The Star & Garter Menu, Reviews, Photos, Location and Info - Zomato






La Banca, Cotteridge

If you wanted proof of what a catch I am, let it be known that I spend a lot of time looking at menus.  Its a hobby of mine that my boss at work and a formal letter for inappropriate internet usage will testify to.  Before this restaurant blogging lark arrived, it provided inspiration for meals at home in the same way that cookbooks do.  Nowadays it is all about where I will get my next fill.  I tend to split the menu hunts between my Michelin obsession, and those that I think may be some kind of hidden gem which will blast me into the stratosphere of bloggers and have people hanging on every word like some false prophet of gastronomy.  Sorry, for a minute there I lost myself.  But it proves that despite telling myself otherwise, I am like other bloggers; mostly unable to turn down a free meal and always looking to feed my ego as much as my belly.  Which takes me back to why I keep on looking at menus for obscure places that I can break to the world and declare as magnificent, even if you and I both know that in reality if they were really that good, someone with taste would have beaten me to it along time ago.


Fear not, World, you can keep those spandex knickers on, La Banca is not one of those mythical gems.  I could have possibly told you this from the menu which claims to cook authentic Italian cuisine and still puts cream in their carbonara.  It takes a smart place in old bank on a high street in South Birmingham not used to smart places, making good use of a mirrored wall that makes the space look twice as large.  Its popular, mostly you feel because of the restaurant manager for glides between tables, flirting with the regulars who make up the crowd on a blustery winters evening.  The large phallic shaped pepper grinder were made for this man.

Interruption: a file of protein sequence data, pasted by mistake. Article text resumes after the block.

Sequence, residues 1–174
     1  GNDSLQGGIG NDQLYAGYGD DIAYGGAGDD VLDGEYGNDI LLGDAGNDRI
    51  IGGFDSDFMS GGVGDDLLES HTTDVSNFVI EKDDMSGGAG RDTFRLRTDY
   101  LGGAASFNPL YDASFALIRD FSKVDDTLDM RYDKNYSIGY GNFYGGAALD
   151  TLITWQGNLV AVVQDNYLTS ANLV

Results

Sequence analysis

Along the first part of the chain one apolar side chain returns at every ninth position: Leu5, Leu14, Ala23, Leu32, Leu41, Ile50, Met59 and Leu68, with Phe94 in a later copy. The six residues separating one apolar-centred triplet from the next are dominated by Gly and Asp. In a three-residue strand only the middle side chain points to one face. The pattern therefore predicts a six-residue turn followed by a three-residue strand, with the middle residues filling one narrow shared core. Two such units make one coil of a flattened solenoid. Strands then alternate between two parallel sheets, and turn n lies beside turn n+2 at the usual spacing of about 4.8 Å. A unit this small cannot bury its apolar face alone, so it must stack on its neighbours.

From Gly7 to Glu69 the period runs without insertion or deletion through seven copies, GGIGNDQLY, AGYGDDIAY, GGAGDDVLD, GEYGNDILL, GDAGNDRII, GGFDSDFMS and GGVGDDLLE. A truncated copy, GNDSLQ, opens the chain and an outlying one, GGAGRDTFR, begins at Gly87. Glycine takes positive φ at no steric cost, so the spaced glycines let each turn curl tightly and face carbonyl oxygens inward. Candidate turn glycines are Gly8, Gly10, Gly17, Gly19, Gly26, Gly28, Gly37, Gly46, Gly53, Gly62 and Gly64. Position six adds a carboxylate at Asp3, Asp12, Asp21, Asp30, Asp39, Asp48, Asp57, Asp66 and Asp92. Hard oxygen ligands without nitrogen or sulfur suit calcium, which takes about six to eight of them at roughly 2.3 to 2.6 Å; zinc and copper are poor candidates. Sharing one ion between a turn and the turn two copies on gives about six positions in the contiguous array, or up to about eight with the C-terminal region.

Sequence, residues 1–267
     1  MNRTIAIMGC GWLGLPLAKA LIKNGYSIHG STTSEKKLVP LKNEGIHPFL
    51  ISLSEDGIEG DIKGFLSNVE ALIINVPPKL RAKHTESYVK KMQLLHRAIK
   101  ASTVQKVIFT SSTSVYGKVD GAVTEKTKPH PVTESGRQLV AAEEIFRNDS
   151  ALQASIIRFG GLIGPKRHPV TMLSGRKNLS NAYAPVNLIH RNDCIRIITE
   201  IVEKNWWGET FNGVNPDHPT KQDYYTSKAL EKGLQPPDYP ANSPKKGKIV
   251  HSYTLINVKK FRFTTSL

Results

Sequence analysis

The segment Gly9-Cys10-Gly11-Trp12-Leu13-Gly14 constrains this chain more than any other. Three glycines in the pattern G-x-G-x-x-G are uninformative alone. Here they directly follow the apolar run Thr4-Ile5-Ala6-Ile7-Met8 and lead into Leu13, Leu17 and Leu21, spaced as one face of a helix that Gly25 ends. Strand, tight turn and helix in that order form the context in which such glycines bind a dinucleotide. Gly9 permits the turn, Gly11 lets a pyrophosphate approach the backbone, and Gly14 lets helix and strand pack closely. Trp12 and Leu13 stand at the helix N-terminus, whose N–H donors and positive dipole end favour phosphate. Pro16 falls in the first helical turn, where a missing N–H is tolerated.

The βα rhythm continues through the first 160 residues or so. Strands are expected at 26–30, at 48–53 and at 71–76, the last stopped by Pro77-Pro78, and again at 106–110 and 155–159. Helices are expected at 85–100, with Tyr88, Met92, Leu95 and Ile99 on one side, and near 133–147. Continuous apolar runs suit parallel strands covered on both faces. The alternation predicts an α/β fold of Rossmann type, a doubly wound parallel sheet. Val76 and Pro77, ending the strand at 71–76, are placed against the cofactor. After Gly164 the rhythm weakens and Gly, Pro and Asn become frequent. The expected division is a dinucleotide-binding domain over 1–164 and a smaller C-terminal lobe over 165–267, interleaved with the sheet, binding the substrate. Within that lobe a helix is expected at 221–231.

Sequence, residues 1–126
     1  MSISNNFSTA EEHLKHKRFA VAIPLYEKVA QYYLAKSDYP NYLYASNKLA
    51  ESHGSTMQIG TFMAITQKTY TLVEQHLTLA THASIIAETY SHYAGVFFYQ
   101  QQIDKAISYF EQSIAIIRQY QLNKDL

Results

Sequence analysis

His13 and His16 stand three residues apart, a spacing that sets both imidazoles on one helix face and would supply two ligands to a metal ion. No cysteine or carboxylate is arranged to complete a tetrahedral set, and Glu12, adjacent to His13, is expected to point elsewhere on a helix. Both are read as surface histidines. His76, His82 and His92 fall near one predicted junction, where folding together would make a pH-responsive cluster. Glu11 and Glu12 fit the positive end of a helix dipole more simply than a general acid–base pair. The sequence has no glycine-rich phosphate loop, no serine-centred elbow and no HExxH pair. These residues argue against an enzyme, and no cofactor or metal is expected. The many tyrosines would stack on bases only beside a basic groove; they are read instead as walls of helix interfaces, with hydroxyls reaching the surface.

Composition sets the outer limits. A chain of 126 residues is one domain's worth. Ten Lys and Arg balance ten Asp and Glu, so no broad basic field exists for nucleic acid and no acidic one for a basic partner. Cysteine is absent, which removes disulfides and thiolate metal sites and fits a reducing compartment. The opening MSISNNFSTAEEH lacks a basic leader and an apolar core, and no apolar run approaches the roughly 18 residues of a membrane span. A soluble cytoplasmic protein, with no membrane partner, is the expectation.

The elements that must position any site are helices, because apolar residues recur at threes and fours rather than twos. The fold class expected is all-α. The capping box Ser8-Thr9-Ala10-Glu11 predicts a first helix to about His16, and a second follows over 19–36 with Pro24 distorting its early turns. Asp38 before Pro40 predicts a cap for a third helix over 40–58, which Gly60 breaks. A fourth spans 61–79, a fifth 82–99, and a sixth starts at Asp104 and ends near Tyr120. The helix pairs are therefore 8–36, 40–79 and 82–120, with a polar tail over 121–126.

Creamed carbonara aside, they try hard to keep it as authentic as possible and for the most part it works. A nibble of bean salad with crisp breads is a merciless assault of garlic, as are the garlic bread and bruschetta that follow.  I like them all, mostly because I don’t like close social encounters, but also because they bold in taste and heavily seasoned.  The bruschetta has pronounced flavours of onion and vinegar and lots and lots of garlic, even if the rather bland tomatoes are three months out of season.


My girlfriend was having one of those vegetarian nights that she sometimes turns to.  From a good selection she opts for one that sounds most interesting; a roulade of carrot and courgette, filled with cream cheese.  Bland and under seasoned, the cheese wipes out the little flavour the vegetables have.  Its a shocker.  Far better was a bowl of linguine with pine nuts and courgettes, full of zing and heat from lemon and chilli, the nuttiness further accentuated by parmesan and brown butter.  If this is how Momma makes the pasta back home, I wonder if Momma would be interested in a younger gentleman from Birmingham.



There is a lasagne with thick tussles of braised shoulder meat and sheets of overcooked pasta, which I forgive for it being so bloody comforting.  Its all a bit mushy, though the flavour is good with whacks of tomato and cheese and yes, you’ve guessed it, garlic.  I also admire another linguine dish with a rich vegetable ragu and topped with chicken and prawns.  Nothing gets in the way of each other here, which it could have easily have done.  Everything is distinct and accurately cooked, the pasta still with the bite that was missing from the lasagne.